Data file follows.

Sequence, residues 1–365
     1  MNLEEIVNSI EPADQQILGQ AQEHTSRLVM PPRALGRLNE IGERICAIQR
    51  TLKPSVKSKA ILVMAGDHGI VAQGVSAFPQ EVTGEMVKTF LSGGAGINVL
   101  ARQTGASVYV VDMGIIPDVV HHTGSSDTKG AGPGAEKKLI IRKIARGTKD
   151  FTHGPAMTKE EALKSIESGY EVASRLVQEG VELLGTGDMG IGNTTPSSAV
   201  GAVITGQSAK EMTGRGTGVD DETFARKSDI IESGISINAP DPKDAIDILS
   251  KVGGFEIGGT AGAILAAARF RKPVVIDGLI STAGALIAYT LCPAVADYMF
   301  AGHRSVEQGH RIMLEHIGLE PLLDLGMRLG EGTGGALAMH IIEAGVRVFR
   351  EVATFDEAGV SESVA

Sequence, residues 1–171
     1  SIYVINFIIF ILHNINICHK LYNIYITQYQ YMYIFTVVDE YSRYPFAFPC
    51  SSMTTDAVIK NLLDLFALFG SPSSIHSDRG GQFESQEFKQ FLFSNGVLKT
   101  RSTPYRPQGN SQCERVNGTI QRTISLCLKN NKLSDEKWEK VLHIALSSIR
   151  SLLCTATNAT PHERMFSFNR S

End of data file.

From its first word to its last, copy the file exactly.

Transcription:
Sequence, residues 1–365
     1  MNLEEIVNSI EPADQQILGQ AQEHTSRLVM PPRALGRLNE IGERICAIQR
    51  TLKPSVKSKA ILVMAGDHGI VAQGVSAFPQ EVTGEMVKTF LSGGAGINVL
   101  ARQTGASVYV VDMGIIPDVV HHTGSSDTKG AGPGAEKKLI IRKIARGTKD
   151  FTHGPAMTKE EALKSIESGY EVASRLVQEG VELLGTGDMG IGNTTPSSAV
   201  GAVITGQSAK EMTGRGTGVD DETFARKSDI IESGISINAP DPKDAIDILS
   251  KVGGFEIGGT AGAILAAARF RKPVVIDGLI STAGALIAYT LCPAVADYMF
   301  AGHRSVEQGH RIMLEHIGLE PLLDLGMRLG EGTGGALAMH IIEAGVRVFR
   351  EVATFDEAGV SESVA

Sequence, residues 1–171
     1  SIYVINFIIF ILHNINICHK LYNIYITQYQ YMYIFTVVDE YSRYPFAFPC
    51  SSMTTDAVIK NLLDLFALFG SPSSIHSDRG GQFESQEFKQ FLFSNGVLKT
   101  RSTPYRPQGN SQCERVNGTI QRTISLCLKN NKLSDEKWEK VLHIALSSIR
   151  SLLCTATNAT PHERMFSFNR S